Post-print of Phelps, R, Hase, S & Ellis, A, 2005, 'Competency, capability, complexity and computers: exploring a new model for conceptualising end-user computer education', British Journal of Educational Technology, vol. 36, no. 1, pp. 67-84.
The publisher's version of this article is available at http://dx.doi.org/10.1111/j.1467-8535.2005.00439.x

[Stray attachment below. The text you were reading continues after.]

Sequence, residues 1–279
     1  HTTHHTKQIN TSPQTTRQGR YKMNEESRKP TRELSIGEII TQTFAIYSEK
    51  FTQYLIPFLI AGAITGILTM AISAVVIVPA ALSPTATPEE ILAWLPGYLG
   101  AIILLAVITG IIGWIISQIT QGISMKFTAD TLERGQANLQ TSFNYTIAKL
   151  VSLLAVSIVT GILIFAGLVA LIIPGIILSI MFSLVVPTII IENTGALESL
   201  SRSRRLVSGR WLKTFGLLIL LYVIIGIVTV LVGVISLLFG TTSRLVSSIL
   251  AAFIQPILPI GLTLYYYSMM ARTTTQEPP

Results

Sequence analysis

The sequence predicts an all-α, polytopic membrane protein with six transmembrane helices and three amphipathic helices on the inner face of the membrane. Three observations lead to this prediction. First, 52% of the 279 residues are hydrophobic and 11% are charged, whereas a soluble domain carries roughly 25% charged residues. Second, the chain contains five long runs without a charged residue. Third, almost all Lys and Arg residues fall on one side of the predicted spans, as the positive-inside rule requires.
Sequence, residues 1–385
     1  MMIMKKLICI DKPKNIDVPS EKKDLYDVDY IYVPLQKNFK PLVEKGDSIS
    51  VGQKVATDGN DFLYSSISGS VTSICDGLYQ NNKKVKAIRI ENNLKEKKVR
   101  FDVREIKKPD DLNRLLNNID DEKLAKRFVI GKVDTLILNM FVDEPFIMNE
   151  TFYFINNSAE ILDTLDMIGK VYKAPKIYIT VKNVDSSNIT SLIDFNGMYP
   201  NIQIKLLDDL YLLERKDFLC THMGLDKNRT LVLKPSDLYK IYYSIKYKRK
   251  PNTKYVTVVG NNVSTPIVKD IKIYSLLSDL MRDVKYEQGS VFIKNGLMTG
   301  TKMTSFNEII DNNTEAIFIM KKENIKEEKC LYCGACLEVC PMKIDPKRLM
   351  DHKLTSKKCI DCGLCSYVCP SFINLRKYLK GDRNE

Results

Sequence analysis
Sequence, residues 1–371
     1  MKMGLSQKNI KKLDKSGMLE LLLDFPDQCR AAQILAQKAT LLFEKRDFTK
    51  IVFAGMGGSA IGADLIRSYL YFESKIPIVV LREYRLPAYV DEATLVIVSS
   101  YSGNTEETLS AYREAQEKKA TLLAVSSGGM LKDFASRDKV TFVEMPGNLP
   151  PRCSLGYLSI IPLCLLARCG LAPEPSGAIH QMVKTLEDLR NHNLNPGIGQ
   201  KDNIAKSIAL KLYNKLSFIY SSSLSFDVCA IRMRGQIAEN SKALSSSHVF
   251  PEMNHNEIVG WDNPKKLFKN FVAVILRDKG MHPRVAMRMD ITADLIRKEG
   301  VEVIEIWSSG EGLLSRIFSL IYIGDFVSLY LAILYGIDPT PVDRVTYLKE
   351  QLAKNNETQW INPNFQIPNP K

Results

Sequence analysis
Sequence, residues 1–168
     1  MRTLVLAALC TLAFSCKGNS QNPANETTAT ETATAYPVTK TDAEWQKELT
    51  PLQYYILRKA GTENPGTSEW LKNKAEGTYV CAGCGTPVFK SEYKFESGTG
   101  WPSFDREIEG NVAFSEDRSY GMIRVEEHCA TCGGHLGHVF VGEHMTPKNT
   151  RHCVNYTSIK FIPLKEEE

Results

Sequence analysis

Notions of competency have dominated the computer education literature, and have underpinned Competency-Based Training (CBT) in information technology at all levels of education and training. The emergence of counter-narratives underpinned by the capability movement, have as yet had minimal impact on practice in computer education. New discourses in educational theory and practice which are founded on non-linear approaches to learning and teaching provide added impetus to engage in the competency/capability debate, and re-examine our approaches to computer education. This paper explores complexity theories and demonstrates how complexity's pedagogical implications can lead to new models for understanding computer learning and teaching. A new model for conceptualising end-user computer education is presented that was derived from a three-year action research initiative with pre-service teachers.